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Robert Villamagna, West Virginia’s Tin Man

Meet artist Robert Villamagna. He is a tin cutter, retired art professor, flea market addict, collagist, vegetarian, collector, Veteran, and film lover. He describes his art as “a creation of assemblages and metal collages, primarily using found objects, vintage photographs, and repurposed lithographed metal. This printed metal, or ‘tin’, comes from deconstructed product containers, old signage, and vintage metal toys.”

Villamagna grew up in Appalachia, primarily in the Ohio River rustbelt. From the time he was a preschooler, he had a mark-making tool in his hand. Growing up, most men in his neighborhood were steelworkers or miners. The themes and narratives found in Villamagna’s work come from his own life experiences, as well as stories that the found objects or vintage photographs may want to tell.

In 2016, Robert Villamagna was named “West Virginia Artist of the Year!”

His work has been exhibited at the Carnegie Museum of Art, the Andy Warhol Museum, Senator John Heinz History Center, Society for Contemporary Craft (Pittsburgh), the Westmoreland Museum of American Art, Tamarack’s David L. Dickirson Fine Arts Gallery, and the West Virginia Culture Center to name a few. Six of his works are in the State of West Virginia Permanent Collection. In 2016, Villamagna was named “West Virginia Artist of the Year”. 

Learn more about Villamagna with our Q&A:

What inspired you to become an artist?

It all began when my mom, her date (he would eventually marry my mom and adopt me) and I visited the Carnegie Museum in Pittsburgh. I was not quite five years old. I was very impressed by the displays of knights armor. That evening we returned to my grandparents home, where we were living at the time. I got hold of a pencil plus a pad of paper and positioned myself on the living room floor. I spent the rest of the evening drawing a series of knights, when my future dad said “That looks exactly like what we saw today!”. From that moment I knew that I was hooked on creating images. 

What’s your greatest accomplishment?

Getting a teaching position in the art department at West Liberty University and teaching there for 22 years. Outside of making art, it’s the greatest job I ever had. It was a wonderful experience. 

What obstacles do you need to overcome to find your creative space/muse?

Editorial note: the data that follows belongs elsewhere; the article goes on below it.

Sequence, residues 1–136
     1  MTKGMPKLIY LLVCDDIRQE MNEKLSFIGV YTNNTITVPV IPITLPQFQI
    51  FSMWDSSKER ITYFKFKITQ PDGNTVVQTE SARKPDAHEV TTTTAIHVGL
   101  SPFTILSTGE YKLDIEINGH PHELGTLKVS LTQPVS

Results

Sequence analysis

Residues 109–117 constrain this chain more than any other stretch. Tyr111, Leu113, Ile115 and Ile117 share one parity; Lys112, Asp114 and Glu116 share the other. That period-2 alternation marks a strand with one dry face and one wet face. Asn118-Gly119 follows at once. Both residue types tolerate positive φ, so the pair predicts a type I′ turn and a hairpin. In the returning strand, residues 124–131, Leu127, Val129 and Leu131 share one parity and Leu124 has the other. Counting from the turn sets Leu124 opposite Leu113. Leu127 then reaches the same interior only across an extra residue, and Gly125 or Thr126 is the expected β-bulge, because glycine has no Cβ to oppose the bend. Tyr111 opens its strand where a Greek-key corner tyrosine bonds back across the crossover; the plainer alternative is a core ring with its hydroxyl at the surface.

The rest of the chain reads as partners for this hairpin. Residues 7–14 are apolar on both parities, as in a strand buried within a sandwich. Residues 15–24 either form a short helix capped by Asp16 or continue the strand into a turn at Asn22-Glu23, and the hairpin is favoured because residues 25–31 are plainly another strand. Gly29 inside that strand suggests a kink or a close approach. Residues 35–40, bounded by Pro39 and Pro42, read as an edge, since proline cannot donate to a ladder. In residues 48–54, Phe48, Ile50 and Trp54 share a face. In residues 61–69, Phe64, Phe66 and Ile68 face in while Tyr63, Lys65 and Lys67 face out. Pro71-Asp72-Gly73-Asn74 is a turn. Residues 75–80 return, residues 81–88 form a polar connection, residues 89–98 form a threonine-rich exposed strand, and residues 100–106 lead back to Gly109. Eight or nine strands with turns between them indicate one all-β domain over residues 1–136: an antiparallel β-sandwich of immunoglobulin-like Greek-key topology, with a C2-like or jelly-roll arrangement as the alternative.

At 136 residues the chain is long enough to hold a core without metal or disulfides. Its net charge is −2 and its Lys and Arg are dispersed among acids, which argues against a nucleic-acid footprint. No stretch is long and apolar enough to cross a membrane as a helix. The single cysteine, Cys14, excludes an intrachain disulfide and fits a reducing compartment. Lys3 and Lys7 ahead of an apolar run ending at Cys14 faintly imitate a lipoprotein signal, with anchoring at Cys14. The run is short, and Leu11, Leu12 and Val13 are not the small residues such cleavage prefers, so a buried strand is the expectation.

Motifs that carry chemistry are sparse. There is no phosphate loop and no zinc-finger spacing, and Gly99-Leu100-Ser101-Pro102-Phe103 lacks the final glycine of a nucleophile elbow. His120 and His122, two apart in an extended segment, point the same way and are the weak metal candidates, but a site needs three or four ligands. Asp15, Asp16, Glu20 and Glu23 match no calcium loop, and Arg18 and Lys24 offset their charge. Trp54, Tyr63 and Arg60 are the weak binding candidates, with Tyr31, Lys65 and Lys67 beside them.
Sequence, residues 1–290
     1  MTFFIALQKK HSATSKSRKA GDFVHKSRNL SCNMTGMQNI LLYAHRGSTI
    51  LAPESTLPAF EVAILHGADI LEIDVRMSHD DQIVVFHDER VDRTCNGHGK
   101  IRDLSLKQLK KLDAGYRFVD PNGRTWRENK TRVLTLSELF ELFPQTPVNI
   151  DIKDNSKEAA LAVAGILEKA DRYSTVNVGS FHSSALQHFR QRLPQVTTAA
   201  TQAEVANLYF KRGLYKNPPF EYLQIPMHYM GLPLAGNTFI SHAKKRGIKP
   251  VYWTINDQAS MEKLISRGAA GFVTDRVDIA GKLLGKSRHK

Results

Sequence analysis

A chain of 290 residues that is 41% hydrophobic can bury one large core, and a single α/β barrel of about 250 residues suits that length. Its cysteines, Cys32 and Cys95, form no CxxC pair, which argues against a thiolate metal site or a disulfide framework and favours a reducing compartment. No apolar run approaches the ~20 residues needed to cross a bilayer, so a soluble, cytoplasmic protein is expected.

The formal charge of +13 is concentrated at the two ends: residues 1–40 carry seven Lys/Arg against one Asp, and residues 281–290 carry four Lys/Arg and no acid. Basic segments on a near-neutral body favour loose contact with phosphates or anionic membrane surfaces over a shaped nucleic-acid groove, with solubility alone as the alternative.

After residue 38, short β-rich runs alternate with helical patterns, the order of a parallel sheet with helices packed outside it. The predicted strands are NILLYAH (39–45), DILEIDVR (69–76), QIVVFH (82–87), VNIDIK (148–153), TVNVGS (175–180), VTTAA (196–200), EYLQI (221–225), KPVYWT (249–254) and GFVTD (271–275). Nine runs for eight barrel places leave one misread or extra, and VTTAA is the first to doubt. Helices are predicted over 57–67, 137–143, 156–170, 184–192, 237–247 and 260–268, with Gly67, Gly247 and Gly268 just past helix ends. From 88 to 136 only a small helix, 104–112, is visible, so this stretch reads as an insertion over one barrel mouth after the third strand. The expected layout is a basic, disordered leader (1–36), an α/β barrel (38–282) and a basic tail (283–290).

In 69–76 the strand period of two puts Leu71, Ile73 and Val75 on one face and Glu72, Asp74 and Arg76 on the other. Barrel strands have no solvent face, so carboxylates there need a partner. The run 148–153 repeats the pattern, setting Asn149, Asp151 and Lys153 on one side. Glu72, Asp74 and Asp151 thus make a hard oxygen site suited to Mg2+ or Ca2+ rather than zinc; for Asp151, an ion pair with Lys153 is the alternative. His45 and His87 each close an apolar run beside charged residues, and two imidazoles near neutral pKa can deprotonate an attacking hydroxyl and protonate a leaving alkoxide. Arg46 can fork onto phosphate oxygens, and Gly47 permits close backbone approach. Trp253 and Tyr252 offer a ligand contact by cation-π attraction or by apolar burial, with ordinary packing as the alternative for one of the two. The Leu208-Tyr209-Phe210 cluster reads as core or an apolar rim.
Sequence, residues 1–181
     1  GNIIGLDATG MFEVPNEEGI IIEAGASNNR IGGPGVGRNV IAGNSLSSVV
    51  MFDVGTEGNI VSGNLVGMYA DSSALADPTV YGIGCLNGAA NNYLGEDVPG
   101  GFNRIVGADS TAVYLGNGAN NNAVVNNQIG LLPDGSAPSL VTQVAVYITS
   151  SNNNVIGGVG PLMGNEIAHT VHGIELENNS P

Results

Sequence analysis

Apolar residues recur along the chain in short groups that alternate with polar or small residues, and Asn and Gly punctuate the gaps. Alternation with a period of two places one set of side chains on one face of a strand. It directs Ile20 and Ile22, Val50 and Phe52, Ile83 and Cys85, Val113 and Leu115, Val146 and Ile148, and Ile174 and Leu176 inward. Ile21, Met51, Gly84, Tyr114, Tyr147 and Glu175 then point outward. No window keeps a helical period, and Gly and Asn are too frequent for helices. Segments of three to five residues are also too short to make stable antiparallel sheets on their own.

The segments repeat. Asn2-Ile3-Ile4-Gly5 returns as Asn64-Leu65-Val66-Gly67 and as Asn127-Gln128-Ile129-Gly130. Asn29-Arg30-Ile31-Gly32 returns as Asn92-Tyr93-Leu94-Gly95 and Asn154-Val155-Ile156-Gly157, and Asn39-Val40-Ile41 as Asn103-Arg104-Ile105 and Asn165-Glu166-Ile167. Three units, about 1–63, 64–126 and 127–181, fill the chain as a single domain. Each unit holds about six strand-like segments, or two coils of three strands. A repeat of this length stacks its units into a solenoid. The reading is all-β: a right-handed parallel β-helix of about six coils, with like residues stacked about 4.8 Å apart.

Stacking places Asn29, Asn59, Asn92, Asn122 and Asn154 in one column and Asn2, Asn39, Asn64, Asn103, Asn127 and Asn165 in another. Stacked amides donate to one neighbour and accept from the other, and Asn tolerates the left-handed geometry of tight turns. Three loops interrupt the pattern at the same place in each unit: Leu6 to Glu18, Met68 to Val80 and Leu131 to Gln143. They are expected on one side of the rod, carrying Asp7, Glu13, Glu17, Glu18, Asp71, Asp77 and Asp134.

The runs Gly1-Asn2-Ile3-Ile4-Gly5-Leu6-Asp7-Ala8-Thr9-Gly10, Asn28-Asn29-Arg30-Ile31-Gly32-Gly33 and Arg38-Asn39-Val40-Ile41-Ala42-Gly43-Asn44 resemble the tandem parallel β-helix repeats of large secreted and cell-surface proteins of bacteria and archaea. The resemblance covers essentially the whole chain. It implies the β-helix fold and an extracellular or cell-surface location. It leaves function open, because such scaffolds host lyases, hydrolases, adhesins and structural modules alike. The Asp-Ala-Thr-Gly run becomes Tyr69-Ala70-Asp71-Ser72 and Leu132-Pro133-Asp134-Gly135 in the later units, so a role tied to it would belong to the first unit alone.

My biggest obstacle is ME! I’ve got to get out of my own way so that stuff can happen. I have to constantly remind myself not to prejudge what I’m working on. I’ve just got to push forward and make my work. That’s not an easy task sometimes. I have to accept the fact that not everything I do is going to be good. I’m going to make some crap along the way. Even the great artists, if you really look at their entire body of work, make some clunkers. I have to remind myself that those clunkers eventually lead to something awesome.

How do you find your inspiration?

It’s so varied! I find visiting museums and galleries can be extremely inspiring! So can taking a walk outdoors, looking through a magazine, listening to music, overhearing a conversation as I’m checking out of the grocery store, or revisiting one of my old sketchbooks. Even scrolling through my Instagram feed can me inspirational. Inspiration is all around us! You’ve just got to be open to receiving it.

What advice do you have for other artists?

Don’t wait for inspiration! Waiting for inspiration is a big waste of time. Go to wherever it is that you make your work and do something. Start drawing, scribbling, playing with paint, cutting paper…..just do it. Something will come from it, believe me. Just push forward. It won’t necessarily be something good, but it will lead to good stuff.

What is your favorite piece(s) you’ve made and why?

I’m probably the toughest critic regarding my own work. One of my faves is a piece titled “Moundsville Prison Break, 1949”. It’s an installation of individual oil pen portraits of 14 escapees created on repurposed metal. I’m just pleased how that one came together. It’s part of the permanent collection of the State of WV now. Another one I’m proud of is “Old King Coal”, which pictures an old, broken down anthropomorphic hunk of coal on crutches. He is wearing a gold crown as he tries to step over a gas line. I’ve never been able to show this in West Virginia, but it did get accepted in an exhibition in Pittsburgh a few years back. 

How can our readers purchase your art?

I currently don’t have any gallery representation, so interested parties can contact me directly through my website, @wv_tinman on insta and @wvtinman on FB. 

– HashtagWV #141. April 2022.

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HashtagWV Art & Entertainment is a high-quality print and digital multimedia platform for all things West Virginia and the greater Appalachian region. The editorial focus is local music, unique shopping, the arts, events, theatre, and food and drinks.